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How to Dye Nylon Parts

nylon-dyeing
nylon-dyeing

Guest Post By: Christopher Hayes, Special Aerospace Services, & Drew Wallace, MarkForged

Henry Ford is believed to have said, “any customer can have a car painted any color that they want so long as it is black.” Ford eventually offered cars in many more colors once production ramped up.

MarkForged is on a similar trajectory – the Mark One is just as revolutionary as the Model T. You can also have parts in any color you like, as long as it’s white, offset by the color of any composites embedded in the part.

There are four color combinations available from the nozzle:

  • White: Nylon without any composite reinforcement
  • White and Gold: Nylon reinforced by Kevlar®
  • White and White: Nylon reinforced by Fiberglass
  • White and Black: Nylon reinforced by Carbon Fiber

These color combinations are great for rapid prototypes and mechanically functional parts, but may be limiting for producing finished goods and consumer facing products.

There is an easy solution to this problem, dye.

halo-wallet

Nylon’s Material Properties Make It Easy to Dye

Nylon is hygroscopic; nylon will readily absorb water from the atmosphere or direct contact. This is why the Mark One nylon material is stored in the dry box with a humectant.

If your nylon gets wet before you print it will cause some problems. If it gets wet after you print it can create some beneficial changes. Submersion in water will permanently increase flexibility and decrease brittleness and stiffness. Add a water soluble dye and it will also permanently change the part’s color.

We recommend liquid RIT dye due to the low cost, universal availability and consistency of color. It is best to used RIT dye manufactured after 2011 due to a formula update.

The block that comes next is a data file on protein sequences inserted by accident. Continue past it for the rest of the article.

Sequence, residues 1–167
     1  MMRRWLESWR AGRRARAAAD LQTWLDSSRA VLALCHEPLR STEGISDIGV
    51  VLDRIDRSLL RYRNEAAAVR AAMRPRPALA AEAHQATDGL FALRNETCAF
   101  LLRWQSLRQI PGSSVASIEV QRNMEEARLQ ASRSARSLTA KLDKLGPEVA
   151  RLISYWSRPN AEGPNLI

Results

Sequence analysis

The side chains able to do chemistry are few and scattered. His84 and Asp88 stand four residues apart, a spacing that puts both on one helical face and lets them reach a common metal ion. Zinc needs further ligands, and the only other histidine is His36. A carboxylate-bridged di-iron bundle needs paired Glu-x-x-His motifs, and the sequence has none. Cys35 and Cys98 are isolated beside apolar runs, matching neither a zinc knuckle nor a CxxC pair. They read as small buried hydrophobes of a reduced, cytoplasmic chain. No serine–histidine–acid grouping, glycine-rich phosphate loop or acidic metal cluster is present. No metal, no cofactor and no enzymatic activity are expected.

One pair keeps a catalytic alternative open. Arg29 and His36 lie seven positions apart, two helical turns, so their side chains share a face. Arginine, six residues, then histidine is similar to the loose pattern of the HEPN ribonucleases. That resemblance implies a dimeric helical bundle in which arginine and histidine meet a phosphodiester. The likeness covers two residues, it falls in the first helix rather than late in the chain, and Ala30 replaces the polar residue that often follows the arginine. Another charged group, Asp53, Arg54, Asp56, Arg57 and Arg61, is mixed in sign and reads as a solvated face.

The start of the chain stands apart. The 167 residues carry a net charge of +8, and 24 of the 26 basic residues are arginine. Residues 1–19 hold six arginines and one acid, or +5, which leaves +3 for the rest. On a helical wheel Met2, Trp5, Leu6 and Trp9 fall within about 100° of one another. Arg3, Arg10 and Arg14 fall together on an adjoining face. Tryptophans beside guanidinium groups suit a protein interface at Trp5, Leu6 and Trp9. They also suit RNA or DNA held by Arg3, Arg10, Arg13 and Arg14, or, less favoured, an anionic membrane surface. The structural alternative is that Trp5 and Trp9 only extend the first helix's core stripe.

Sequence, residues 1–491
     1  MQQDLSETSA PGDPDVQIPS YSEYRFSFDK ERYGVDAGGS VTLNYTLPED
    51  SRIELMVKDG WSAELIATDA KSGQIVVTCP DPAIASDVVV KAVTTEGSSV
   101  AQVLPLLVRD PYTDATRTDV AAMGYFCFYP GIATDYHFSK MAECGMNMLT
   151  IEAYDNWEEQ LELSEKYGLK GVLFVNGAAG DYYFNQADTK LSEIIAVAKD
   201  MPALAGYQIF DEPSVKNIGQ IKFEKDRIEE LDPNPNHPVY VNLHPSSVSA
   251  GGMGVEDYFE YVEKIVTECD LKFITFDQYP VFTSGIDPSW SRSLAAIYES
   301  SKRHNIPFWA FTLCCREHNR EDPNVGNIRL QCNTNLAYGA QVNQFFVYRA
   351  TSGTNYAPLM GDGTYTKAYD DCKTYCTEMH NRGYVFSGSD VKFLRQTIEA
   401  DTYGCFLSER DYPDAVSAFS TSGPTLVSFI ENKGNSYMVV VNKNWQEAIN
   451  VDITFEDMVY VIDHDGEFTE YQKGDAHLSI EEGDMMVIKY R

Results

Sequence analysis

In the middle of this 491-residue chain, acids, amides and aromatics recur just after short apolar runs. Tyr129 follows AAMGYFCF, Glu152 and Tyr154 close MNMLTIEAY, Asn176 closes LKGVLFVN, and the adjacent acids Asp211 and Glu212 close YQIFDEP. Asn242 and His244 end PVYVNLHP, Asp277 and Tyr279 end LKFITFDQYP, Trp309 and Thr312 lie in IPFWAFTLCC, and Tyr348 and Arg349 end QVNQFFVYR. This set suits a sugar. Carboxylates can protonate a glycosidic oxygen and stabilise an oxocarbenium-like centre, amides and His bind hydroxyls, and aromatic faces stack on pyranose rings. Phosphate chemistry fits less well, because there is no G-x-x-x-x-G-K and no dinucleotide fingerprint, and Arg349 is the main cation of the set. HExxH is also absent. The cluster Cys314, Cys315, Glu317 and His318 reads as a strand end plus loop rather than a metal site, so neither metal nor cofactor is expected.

For better results dyeing with light colors use additional walls/floor, thicker ceiling and extra dye time. Light colors and thin walls will leave the continuous carbon fiber visible after dying, as shown in the HALO Wallet:

How to Dye Nylon Parts

soak-in boiling water

1. Soak parts in near boiling water for 30-60 min. Use doubled Ziploc bags to prevent leakage. Wear appropriate personal protection equipment, like pot holders, while handling the hot water.

double ziplock

2. Transfer the parts to new inner bag of near boiling water + dye at 5:1 mixture ratio. Fold bag over table edge to remove air and seal inner bag, then agitate the mixture..

transfer-to-inner

3. Fill outer bag with near boiling water and fold over table to seal.

dying-parts

4. Let sit 30-60 min. Agitate occasionally. Reheat in microwave in 30 second intervals and add additional dye if necessary. Do not microwave Carbon Fiber.

nylon-dyeing

SUCCESS – Bright Yellow Key Carabiners

5. Dispose of or save used dye, rinse parts thoroughly and allow 6-12 hours drying time before use. This is especially important for dark dyes; they can leak if firmly squeezed or twisted.

*Carabiner not intended or rated for climbing.

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